The evidence is offered up by the Anglins’ nephews David, 48, and Ken Widner, 54, who are featured in “Alcatraz: Search for the Truth,” a History Channel special airing Monday. The evidence has pumped life into the cold case, and has investigators lining up new interviews and planning to search South America for signs of America’s most notorious escapees.

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And, why would we believe the “Alcatraz officials”?

Like with murder cases, it’s very hard to convict without a body.

And, from time to time, we hear of folks who have disappeared completely.

Personally, without proof, all we have is assertions and presumptions.

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INSPIRATIONAL: California Legalizes Self Driving Cars

Wednesday, October 3, 2012

http://tech.slashdot.org/story/12/09/26/1621200/california-legalizes-self-driving-cars

California Legalizes Self Driving Cars
Posted by Unknown Lamer on Wednesday September 26, @12:36PM
from the third-place-leaders-of-the-free-world dept.

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Hugh Pickens writes writes “The Seattle PI reports that California has become the third state to explicitly legalize driverless vehicles, setting the stage for computers to take the wheel along the state’s highways and roads … ‘Today we’re looking at science fiction becoming tomorrow’s reality,’ said Gov. Brown. ‘This self-driving car is another step forward in this long, march of California pioneering the future and leading not just the country, but the whole world.’ The law immediately allows for testing of the vehicles on public roadways, so long as properly licensed drivers are seated at the wheel and able to take over. It also lays out a roadmap for manufacturers to seek permits from the DMV to build and sell driverless cars to consumers. Bryant Walker Smith, a fellow at Stanford’s Center for Automotive Research points to a statistical basis for safety that the DMV might consider as it begins to develop standards: ‘Google’s cars would need to drive themselves (by themselves) more than 725,000 representative miles without incident for us to say with 99 percent confidence that they crash less frequently than conventional cars. If we look only at fatal crashes, this minimum skyrockets to 300 million miles. To my knowledge, Google has yet to reach these milestones.'”

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I’d buy one of those if they are available for sale here!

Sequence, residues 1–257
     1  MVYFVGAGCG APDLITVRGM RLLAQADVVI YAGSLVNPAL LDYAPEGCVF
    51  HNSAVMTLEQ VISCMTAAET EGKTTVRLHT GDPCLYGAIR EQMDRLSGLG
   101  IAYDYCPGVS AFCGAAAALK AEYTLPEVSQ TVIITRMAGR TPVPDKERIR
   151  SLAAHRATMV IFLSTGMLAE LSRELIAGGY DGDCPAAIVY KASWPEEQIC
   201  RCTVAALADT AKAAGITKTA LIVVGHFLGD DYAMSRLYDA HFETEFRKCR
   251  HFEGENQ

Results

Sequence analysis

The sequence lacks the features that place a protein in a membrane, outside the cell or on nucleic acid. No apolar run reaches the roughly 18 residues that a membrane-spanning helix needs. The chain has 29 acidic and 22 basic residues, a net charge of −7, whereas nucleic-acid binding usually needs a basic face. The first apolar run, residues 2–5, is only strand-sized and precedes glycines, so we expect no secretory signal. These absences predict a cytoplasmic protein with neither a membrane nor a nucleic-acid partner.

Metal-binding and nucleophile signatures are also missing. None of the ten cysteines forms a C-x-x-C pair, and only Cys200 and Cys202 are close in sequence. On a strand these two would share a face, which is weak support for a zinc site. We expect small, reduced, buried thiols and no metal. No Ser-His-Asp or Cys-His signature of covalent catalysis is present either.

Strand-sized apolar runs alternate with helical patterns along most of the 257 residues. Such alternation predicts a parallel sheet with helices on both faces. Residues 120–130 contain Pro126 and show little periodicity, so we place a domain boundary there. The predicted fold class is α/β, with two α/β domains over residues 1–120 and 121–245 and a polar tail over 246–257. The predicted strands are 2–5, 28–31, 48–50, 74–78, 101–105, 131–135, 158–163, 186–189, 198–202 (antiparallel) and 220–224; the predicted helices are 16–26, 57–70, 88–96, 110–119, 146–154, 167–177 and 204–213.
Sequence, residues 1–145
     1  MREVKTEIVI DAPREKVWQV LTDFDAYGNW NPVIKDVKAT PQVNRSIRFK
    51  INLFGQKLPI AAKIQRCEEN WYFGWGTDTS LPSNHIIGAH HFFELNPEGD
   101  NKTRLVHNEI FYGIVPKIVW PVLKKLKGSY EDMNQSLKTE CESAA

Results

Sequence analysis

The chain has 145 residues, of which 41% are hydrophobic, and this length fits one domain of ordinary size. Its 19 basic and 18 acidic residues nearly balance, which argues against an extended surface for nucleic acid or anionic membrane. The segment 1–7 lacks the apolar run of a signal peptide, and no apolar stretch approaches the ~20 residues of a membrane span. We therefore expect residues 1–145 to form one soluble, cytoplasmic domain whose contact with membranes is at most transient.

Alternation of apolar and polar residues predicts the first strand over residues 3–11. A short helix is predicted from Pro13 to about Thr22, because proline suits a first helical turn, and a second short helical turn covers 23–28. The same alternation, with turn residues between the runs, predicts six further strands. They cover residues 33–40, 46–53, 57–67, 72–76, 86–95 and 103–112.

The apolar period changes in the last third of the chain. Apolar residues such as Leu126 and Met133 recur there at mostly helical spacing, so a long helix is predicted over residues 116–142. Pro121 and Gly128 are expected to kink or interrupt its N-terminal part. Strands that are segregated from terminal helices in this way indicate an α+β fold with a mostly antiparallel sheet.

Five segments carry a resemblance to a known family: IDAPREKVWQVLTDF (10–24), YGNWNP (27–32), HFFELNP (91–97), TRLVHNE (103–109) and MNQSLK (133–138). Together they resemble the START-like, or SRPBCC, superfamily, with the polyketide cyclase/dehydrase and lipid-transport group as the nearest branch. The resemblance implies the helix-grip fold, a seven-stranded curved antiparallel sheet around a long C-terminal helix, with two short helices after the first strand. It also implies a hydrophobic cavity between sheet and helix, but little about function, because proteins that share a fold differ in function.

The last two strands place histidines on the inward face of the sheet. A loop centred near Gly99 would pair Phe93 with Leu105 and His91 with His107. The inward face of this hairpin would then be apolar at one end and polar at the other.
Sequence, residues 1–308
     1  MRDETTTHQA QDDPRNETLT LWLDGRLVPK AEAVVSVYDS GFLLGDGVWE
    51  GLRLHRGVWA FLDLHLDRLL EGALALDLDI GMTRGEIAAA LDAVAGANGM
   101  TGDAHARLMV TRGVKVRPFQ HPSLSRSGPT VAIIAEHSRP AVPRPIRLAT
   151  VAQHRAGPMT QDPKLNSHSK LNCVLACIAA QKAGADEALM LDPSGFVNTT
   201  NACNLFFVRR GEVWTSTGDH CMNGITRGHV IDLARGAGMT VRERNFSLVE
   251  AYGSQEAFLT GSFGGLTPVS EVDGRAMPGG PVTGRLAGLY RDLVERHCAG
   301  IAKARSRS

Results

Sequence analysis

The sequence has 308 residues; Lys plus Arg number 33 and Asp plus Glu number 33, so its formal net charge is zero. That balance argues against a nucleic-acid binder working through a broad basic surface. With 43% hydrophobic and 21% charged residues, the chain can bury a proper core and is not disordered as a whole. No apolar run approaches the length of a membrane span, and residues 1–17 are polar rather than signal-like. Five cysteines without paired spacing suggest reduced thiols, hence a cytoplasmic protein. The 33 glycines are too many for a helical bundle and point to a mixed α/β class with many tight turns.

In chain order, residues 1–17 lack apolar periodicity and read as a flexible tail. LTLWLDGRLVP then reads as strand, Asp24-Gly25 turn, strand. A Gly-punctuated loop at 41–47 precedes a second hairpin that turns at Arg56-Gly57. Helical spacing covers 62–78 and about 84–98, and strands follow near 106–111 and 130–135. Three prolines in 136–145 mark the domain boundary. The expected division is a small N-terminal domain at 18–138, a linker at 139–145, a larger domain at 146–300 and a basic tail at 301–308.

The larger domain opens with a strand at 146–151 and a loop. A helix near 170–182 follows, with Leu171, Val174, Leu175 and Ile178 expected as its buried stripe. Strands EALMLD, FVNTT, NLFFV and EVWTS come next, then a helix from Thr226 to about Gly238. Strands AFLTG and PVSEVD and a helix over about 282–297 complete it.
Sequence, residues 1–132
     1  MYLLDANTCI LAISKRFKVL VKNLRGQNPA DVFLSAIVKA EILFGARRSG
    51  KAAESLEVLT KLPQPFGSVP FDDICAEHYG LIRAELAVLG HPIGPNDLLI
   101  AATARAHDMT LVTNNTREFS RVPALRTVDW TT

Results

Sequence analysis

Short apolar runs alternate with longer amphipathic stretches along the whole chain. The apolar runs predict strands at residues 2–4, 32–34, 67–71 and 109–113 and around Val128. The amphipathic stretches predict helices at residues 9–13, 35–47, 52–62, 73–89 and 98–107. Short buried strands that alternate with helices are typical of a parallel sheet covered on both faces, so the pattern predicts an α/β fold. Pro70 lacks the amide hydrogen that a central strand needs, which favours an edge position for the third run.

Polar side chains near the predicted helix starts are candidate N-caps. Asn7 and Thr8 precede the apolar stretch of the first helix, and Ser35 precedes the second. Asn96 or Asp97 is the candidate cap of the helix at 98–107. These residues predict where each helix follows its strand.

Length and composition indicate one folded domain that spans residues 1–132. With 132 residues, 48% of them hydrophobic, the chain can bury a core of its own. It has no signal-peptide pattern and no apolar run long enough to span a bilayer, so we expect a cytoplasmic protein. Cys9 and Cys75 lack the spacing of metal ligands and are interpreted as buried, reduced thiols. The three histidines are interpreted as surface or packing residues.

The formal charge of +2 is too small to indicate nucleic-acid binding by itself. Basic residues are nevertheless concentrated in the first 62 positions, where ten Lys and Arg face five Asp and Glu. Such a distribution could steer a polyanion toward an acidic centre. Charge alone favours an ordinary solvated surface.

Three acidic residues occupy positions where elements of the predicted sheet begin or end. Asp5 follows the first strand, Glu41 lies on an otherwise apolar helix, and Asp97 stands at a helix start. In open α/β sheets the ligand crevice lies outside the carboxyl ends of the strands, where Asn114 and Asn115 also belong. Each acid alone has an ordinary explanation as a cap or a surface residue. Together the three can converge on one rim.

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POLITICAL: California may cap future retirement checks

Friday, September 7, 2012

http://www.bloomberg.com/news/2012-08-28/california-lawmakers-set-vote-to-limit-retiree-pensions.html

California Lawmakers Set Vote to Limit Retiree Pensions
By Michael B. Marois – Aug 28, 2012 2:32 PM ET

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New state employees in California would face a cap on the size of their retirement checks, Senate President Pro Tem Darrell Steinberg said yesterday. They would also have to put in more time on the job than current workers before they collect, he said.

Brown, 74, wants to cut pension benefits and curb abuses before he asks voters in November to raise income and sales taxes. A weak recovery from the longest recession since the 1930s, reducing job prospects and retirement benefits for most nongovernment workers, has churned up a backlash against the pay and benefits of public employees nationwide.

“If voters think that legislators have made a serious policy change, then the chances for the tax increase improve,” said Jack Pitney, who teaches politics at Claremont McKenna College in Claremont, California. “But if they think it is nothing but window dressing, then chances get a lot worse.”

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He also wanted to raise the retirement age to 67 from 55 for most new state employees.

Rising retiree obligations are straining the budgets of states such as California and cities across the U.S. still grappling with income- and sales-tax revenue slammed by the recession.

California’s state pensions in 2010 had about 81 percent of what they needed to cover the benefits they promised, down from 87 percent in the preceding year, according to an annual study by Bloomberg Rankings. The median for all states was 75 percent, the data show.

Steinberg said the pension changes would save the state “tens of billions of dollars” over the next 20 to 30 years, though he later added that an analysis of the cost savings had yet to be done.

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Sorry, but Gooferment pensions are a vestige of “golden watch” thinking.

No pensions for ordinary people; why should the political class get them.

It a terrible abuse of the taxpayer.